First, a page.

Comments (38)

  • Intern in IB-M&A
Aug 6, 2022 - 9:40pm

other banks had return percentages that were way higher so youre just selectively using data. JPM also has 270k employees and a CEO who is known for putting a huge emphasis on a fortress balance sheet

and who knows re: next few years

Most Helpful
Aug 6, 2022 - 10:42pm
mergersandacquisitions78, what's your opinion? Comment below:

My view. We are in the top of the first inning of the bloodbath and three years from the trough.

- IB headcount will be down 40-50% in the next three years through attrition and layoffs. Maybe more. The analyst bonuses at several firms are a kind way of telling people to GTFO

- Banks will protect their stars at every level. Just "above average" players will see their comp fall. Average and below are unlikely to survive and if they do, there is no reason to pay them well

- Analysts will have smaller classes; associates and VPs and Ds and average MDs are where the real pain will happen

- Amongst the large firms, American banks will continue to consolidate market share plus possibly Barclays and DB. But this will be on a much smaller market and there will be a lot of pain

- Middle market firms will continue to perform well although at many shops (JEF, HL), there is over staffing and I can see these firms being brutal in order to pay their producers

- Independent firms will diverge in their fortunes, some illustrious names will be decimated, some will muddle through. Overall, it will be tough. I would still prefer to be at these or the MM firms in a downturn because they tend to be less political and advisory work is less cyclical

- Those that survive will do very well in the next cycle; it's often a blessing to start in a downturn if you can make it through

- Whatever hits banking will hit law and consulting equally hard, and tech much much  harder. Amongst high paying professions there will be little room to run

in summary, I see a bad moon rising

Funniest
Aug 7, 2022 - 2:36am
Tyrannosaurus-RX, what's your opinion? Comment below:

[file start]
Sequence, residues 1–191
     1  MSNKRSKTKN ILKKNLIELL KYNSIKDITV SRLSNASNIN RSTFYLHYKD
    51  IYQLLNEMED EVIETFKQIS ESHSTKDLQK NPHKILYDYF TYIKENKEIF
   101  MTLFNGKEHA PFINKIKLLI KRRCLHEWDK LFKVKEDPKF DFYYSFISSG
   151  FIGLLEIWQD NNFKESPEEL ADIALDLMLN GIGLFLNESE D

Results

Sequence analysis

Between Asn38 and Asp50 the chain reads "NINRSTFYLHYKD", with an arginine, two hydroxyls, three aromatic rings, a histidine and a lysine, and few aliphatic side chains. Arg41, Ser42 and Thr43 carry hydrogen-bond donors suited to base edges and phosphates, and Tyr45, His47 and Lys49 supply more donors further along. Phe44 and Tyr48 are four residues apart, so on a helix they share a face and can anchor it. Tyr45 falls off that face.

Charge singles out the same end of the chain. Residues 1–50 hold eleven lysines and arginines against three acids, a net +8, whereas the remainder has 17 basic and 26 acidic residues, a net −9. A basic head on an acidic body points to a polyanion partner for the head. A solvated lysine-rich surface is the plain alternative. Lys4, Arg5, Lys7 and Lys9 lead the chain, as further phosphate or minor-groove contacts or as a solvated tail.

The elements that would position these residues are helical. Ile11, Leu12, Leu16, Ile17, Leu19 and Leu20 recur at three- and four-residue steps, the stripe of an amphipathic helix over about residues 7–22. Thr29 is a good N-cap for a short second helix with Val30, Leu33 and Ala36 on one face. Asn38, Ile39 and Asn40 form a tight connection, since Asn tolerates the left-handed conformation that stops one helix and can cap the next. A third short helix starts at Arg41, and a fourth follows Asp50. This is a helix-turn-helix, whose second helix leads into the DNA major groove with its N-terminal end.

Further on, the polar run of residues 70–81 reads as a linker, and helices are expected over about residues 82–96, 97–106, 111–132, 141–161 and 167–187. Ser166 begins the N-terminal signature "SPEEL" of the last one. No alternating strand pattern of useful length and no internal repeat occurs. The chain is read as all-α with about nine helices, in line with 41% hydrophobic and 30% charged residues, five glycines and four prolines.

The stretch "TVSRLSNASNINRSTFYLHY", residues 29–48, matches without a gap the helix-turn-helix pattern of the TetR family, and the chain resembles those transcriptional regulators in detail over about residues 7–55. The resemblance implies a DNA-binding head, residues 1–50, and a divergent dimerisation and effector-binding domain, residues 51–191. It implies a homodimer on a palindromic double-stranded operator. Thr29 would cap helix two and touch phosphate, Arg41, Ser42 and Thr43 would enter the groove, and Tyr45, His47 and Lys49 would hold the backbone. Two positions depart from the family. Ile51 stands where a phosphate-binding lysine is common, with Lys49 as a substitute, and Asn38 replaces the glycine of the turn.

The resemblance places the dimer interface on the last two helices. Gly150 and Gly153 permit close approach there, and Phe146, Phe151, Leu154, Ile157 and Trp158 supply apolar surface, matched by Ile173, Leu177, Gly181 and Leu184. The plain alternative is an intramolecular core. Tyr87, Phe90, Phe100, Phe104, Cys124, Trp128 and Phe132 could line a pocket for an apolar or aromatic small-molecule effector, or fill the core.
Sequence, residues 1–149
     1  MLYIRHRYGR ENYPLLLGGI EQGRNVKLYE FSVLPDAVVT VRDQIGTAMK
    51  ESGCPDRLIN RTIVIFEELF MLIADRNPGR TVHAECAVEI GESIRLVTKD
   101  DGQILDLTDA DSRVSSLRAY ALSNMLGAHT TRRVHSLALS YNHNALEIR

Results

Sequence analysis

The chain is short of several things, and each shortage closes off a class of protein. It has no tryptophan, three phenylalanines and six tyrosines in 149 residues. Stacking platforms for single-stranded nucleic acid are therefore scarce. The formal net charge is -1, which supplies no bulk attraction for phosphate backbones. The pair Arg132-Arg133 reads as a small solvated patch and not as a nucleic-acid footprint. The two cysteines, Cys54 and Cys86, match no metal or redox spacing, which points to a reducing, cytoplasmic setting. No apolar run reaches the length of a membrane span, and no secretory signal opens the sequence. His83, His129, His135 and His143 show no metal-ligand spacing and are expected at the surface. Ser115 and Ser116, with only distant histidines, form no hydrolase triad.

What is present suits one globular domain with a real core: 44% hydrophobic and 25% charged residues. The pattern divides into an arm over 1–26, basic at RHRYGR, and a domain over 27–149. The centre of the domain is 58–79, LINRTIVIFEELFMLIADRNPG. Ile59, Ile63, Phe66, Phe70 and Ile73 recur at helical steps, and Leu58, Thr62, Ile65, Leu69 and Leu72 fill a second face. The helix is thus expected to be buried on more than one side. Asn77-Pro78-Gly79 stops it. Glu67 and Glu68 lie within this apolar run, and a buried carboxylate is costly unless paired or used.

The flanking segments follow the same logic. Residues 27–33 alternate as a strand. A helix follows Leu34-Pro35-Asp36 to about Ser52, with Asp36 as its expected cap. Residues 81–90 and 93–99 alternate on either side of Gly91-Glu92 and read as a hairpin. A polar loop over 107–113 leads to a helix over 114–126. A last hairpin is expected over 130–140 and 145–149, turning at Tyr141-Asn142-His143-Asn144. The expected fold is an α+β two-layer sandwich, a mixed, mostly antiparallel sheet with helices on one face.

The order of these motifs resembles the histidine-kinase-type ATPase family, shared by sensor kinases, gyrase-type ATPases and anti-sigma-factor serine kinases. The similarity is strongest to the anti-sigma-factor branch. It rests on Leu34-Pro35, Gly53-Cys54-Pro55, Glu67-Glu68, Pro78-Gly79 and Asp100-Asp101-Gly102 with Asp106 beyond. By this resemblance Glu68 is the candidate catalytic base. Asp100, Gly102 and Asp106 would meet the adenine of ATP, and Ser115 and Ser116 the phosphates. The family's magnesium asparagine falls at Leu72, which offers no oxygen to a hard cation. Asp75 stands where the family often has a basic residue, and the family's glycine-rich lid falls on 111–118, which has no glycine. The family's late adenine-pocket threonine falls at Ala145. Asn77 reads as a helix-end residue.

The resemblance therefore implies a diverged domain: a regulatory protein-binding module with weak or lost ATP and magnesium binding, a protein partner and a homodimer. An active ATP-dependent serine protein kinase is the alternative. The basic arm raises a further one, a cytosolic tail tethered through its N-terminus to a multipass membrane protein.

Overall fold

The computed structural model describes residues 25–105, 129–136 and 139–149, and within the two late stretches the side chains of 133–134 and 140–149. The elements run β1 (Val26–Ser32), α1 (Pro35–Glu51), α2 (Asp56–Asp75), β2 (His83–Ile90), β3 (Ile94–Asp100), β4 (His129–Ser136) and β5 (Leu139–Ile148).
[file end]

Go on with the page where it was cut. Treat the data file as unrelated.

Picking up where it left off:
mergersandacquisitions78

My view. We are in the top of the first inning of the bloodbath and three years from the trough.

- IB headcount will be down 40-50% in the next three years through attrition and layoffs. Maybe more. The analyst bonuses at several firms are a kind way of telling people to GTFO

- Banks will protect their stars at every level. Just "above average" players will see their comp fall. Average and below are unlikely to survive and if they do, there is no reason to pay them well

- Analysts will have smaller classes; associates and VPs and Ds and average MDs are where the real pain will happen

- Amongst the large firms, American banks will continue to consolidate market share plus possibly Barclays and DB. But this will be on a much smaller market and there will be a lot of pain

- Middle market firms will continue to perform well although at many shops (JEF, HL), there is over staffing and I can see these firms being brutal in order to pay their producers

- Independent firms will diverge in their fortunes, some illustrious names will be decimated, some will muddle through. Overall, it will be tough. I would still prefer to be at these or the MM firms in a downturn because they tend to be less political and advisory work is less cyclical

- Those that survive will do very well in the next cycle; it's often a blessing to start in a downturn if you can make it through

- Whatever hits banking will hit law and consulting equally hard, and tech much much  harder. Amongst high paying professions there will be little room to run